I write about timberland and timber investments every few months because I truly believe they are a great long-term investment.
According to a 2011 report published by Bank of America (NYSE: BAC), “Timberland has produced annual returns that have often matched or outpaced the S&P 500 Index over the long term but with notably less risk. Between 1991 and 2010, for instance, timberland’s average annual return was 11.16%, versus the index’s 9.03%.”
Even during bear markets in timber prices, timberland continues to grow – literally – in value. That’s because healthy trees grow between 4% and 6%, regardless of what happens to the economy or the stock market at large. And trees grow with little investment, upkeep or expense.
I’d write about timber more often, but I know it’s boring, and honestly, it’s a difficult asset class to get exposure to for most investors.
So we already know that timberland is better than the stock market as a long-term investment. But how does it stack up against another commodity – like gold?
Timberland gained an average of 11.16% annually between 1991 and 2010. Gold only averaged 7% gains annually during that same period.
But that’s somewhat of an unfair comparison. Gold and timber fulfill vastly different market needs. You don’t buy gold for growth. You want to own gold to protect the value of your savings from government inflation or currency crisis.
You own timberland as a long-term investment – betting on the growth of trees and the necessity of timber products in the global economy.
It’s a point I make frequently: an investment is different than a liquid and safe cash position. You don’t expect cash to do anything except hold its value – so gold is just a superior form of cash than most other forms.
An investment returns capital to you – creating cash.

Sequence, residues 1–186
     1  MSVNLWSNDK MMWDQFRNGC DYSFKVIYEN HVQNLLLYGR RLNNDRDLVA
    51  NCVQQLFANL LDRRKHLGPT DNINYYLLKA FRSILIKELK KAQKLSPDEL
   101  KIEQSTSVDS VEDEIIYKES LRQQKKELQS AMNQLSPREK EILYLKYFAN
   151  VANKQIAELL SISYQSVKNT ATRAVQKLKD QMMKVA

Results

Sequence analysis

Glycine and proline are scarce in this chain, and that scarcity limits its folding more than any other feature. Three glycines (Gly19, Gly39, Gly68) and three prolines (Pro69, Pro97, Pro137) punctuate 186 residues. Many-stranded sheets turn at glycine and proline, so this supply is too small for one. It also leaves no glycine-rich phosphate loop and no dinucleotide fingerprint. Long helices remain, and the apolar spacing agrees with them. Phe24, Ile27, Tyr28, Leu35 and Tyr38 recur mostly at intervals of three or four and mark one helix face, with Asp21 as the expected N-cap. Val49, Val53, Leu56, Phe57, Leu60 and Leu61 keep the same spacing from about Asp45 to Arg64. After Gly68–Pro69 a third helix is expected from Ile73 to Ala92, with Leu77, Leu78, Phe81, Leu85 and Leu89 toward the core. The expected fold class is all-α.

There are a few timberland real estate investment trusts (REITs) – and they pay pretty healthy dividends, but they’re by no means a pure play on timberland.
Ideally, you want to own timberland outright. If you live pretty much anywhere in the lower 48 states outside of major cities and prairie, it’s likely that you’re not far from timberland.
I recently spoke with a former appraiser for one of the world’s biggest timberland companies, Weyerhauser (NYSE: WY).
His job was simple: to decide whether a tract of land was best suited for timberland – or not.
If it was best suited, then he might go in and look at the type of trees and maybe the age and density of trees. But his major concern was the best use for the land.
Obviously, the best use of land mostly has to do with location. If it’s next to a major interstate and outside of a heavily populated area, a piece of land may not be best used as timberland.
But if a piece of land is remote, not too swampy, not too hilly and already has a good amount of healthy trees on it – you’re probably looking at timberland as its best use.
If you’re not in the market for buying timberland, I’d suggest waiting until timberland REITs like Weyerhauser get cheaper. Another two to look into are Potlatch Timber (Nasdaq: PCH) and Plum Creek Timber (NYSE: PCL).
I’d lean towards Plum Creek out of the three, as it tends to have the higher yield. Unfortunately, all three of these companies are expensive right now. Wait for them to come back to earth during a market correction. Put them on your shopping list and be patient.
If you’re comfortable doing so, consider selling puts on these companies at a price you’d like to pay.